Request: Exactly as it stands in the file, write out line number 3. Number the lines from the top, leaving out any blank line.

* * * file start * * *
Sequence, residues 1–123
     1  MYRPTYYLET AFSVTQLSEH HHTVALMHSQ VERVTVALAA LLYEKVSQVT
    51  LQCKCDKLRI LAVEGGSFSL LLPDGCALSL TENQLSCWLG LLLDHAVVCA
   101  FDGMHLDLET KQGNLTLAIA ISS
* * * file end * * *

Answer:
    51  LQCKCDKLRI LAVEGGSFSL LLPDGCALSL TENQLSCWLG LLLDHAVVCA